A look at some eating strategies that may help you avoid cancer.
It would be great if there were a simple dietary prescription for preventing cancer—if eating one food or skipping another could keep you safe. Unfortunately, the truth about diet and cancer is more complex.
No single food or food group can ward off cancer. And you can't count on protection from dietary supplements either. That said, making good food choices overall may help lower your risk.
"You do have some control over your cancer risk, and eating well is a part of that," says Colleen Doyle, MS, RD, managing director of nutrition and physical activity at the American Cancer Society (ACS).
Scientists are investigating connections between diet and cancer risk. Some findings suggest nutrients in certain foods may guard against specific types of cancer or that other food choices may raise some risks.
How much we eat also plays a role. Oversized, calorie-rich portions can lead to excess weight, which is estimated to cause 7% of cancer deaths, according to the ACS.
"We know that being overweight increases the risk of a lot of different types of cancer," Doyle says.
What you can do
Here's a look at some healthy dietary habits that may help reduce your cancer risk.
Choose more plant-based foods. Studies suggest diets rich in fruits and vegetables may help protect against a number of cancers, including those of the lung, mouth, esophagus, stomach and colon.
One way plant foods may help is by providing vitamins, minerals, and antioxidants and phytochemicals—substances that might protect cells from damage that can lead to cancer.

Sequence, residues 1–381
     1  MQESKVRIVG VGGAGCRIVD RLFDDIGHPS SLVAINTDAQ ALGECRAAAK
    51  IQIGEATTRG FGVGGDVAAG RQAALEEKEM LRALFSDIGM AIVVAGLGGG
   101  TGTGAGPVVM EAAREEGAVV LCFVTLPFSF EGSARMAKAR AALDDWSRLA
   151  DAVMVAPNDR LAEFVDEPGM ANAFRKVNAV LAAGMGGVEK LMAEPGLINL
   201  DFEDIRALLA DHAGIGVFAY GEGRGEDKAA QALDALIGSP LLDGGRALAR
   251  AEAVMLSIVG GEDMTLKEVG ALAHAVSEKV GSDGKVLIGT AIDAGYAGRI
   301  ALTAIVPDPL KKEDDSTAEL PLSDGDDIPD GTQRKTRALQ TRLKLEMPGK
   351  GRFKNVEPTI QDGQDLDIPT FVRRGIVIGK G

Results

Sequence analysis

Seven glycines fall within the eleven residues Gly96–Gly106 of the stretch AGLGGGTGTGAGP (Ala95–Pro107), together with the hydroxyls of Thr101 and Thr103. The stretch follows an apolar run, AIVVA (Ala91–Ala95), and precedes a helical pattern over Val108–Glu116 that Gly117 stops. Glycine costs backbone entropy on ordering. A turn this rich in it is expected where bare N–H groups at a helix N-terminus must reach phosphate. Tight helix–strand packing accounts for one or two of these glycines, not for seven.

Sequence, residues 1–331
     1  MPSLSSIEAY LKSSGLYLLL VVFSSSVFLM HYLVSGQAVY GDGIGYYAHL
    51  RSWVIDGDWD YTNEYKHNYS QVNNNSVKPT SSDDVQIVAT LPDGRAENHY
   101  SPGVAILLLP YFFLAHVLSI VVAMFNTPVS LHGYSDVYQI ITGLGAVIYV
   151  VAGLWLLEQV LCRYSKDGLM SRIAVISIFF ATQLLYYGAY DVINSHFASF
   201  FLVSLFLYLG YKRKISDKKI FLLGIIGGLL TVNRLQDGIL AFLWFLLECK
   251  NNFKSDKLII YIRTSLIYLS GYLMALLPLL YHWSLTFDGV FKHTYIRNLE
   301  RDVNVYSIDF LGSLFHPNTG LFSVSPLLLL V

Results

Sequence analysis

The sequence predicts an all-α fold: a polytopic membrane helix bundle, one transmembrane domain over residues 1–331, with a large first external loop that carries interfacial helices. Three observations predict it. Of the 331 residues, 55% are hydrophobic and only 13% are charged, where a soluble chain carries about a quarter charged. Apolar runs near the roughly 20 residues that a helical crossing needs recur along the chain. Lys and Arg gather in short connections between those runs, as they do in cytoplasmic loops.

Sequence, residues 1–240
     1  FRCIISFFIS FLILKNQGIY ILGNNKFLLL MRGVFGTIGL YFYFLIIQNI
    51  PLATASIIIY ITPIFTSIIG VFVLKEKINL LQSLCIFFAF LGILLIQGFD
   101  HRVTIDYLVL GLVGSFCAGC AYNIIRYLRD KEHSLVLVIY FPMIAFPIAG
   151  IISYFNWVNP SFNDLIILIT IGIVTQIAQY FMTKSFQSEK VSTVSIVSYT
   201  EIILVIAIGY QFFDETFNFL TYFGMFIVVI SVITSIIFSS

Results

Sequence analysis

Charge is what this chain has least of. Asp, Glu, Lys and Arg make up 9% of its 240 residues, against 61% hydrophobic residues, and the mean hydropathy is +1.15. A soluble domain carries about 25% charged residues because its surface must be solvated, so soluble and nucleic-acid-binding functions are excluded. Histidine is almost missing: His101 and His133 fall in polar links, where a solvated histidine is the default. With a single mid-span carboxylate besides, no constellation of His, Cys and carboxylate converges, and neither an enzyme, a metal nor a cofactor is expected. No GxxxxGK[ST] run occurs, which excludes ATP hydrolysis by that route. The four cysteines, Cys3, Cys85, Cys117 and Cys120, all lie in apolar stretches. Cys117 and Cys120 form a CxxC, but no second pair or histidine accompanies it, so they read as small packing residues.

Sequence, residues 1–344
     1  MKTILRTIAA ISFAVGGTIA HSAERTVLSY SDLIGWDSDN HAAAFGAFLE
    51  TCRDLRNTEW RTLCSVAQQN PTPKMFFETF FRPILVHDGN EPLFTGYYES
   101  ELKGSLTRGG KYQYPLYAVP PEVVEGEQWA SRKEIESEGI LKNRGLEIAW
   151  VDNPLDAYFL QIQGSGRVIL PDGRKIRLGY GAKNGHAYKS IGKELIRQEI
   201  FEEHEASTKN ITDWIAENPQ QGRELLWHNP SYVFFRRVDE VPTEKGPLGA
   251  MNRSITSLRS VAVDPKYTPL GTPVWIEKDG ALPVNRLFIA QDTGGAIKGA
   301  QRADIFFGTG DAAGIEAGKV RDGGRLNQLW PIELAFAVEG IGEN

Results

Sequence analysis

No one knows which nutrients might help most though. So make sure your diet includes a variety of vegetables, fruits, beans and whole grains.
It's also important to get your nutrients from food rather than supplements.
"Nutrients may interact with each other in a synergistic way that just can't be duplicated in a supplement," Doyle says.
In addition to providing nutrients, a diet rich in plant foods may also lower cancer risk by helping people manage their weight.
"We're seeing more and more evidence that people who consume higher amounts of fruits and vegetables have healthier weights," Doyle says.
Limit red and processed meat. Eating too much red meat may increase the risk for colon and possibly prostate cancers. Processed meats, such as hot dogs or bologna, may boost that risk even more.
"There are very clear data that indicate people who eat even relatively small amounts of red or processed meats over time have an increased risk of colon cancer," Doyle says.
Red meat's iron or fat content might contribute to the risk. Cancer-causing compounds may also be formed when red meat is cooked over high heat, charred or grilled over flames.
Try replacing red meat with healthier protein options such as fish, poultry or beans sometimes. If you do eat red meat, choose lean portions and limit your intake to three portions (totaling 12 to 18 ounces) per week.
Know the risks of alcohol. Alcohol is linked to an increased risk of breast, oral, esophageal, colon and other cancers.
The big picture
When it comes to reducing cancer risk, your efforts should go beyond diet. Here are a few additional habits that can help you avoid the disease:
Don't smoke. Smoking increases the risk for a variety of cancers, including those of the lungs, throat, mouth, esophagus, bladder and cervix.
Stay active. Exercising may reduce the risk of breast, colon and other cancers—independently and by promoting weight control.
Get screened. Finding cancer or precancerous changes early is among the best ways to guard against some types of cancer. Ask your doctor about recommended screenings.
For more information about what you can do to reduce your risk for cancer, talk to your healthcare provider.